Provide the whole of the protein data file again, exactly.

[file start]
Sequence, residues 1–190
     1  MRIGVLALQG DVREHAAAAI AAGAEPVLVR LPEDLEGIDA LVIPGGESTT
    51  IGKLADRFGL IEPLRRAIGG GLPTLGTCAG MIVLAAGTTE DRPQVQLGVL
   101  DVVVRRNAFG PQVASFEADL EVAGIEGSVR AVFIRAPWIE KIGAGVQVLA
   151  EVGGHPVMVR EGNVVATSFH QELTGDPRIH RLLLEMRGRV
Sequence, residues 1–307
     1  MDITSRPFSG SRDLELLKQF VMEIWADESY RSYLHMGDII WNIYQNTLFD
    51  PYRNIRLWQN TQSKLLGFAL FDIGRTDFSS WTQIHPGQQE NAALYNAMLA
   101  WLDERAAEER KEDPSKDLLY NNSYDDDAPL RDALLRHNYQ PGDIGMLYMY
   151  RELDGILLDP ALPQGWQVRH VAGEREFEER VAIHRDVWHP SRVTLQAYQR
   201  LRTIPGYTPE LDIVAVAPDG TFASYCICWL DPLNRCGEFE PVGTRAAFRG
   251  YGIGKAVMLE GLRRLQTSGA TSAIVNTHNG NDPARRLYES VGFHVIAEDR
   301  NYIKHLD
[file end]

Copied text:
Sequence, residues 1–190
     1  MRIGVLALQG DVREHAAAAI AAGAEPVLVR LPEDLEGIDA LVIPGGESTT
    51  IGKLADRFGL IEPLRRAIGG GLPTLGTCAG MIVLAAGTTE DRPQVQLGVL
   101  DVVVRRNAFG PQVASFEADL EVAGIEGSVR AVFIRAPWIE KIGAGVQVLA
   151  EVGGHPVMVR EGNVVATSFH QELTGDPRIH RLLLEMRGRV
Sequence, residues 1–307
     1  MDITSRPFSG SRDLELLKQF VMEIWADESY RSYLHMGDII WNIYQNTLFD
    51  PYRNIRLWQN TQSKLLGFAL FDIGRTDFSS WTQIHPGQQE NAALYNAMLA
   101  WLDERAAEER KEDPSKDLLY NNSYDDDAPL RDALLRHNYQ PGDIGMLYMY
   151  RELDGILLDP ALPQGWQVRH VAGEREFEER VAIHRDVWHP SRVTLQAYQR
   201  LRTIPGYTPE LDIVAVAPDG TFASYCICWL DPLNRCGEFE PVGTRAAFRG
   251  YGIGKAVMLE GLRRLQTSGA TSAIVNTHNG NDPARRLYES VGFHVIAEDR
   301  NYIKHLD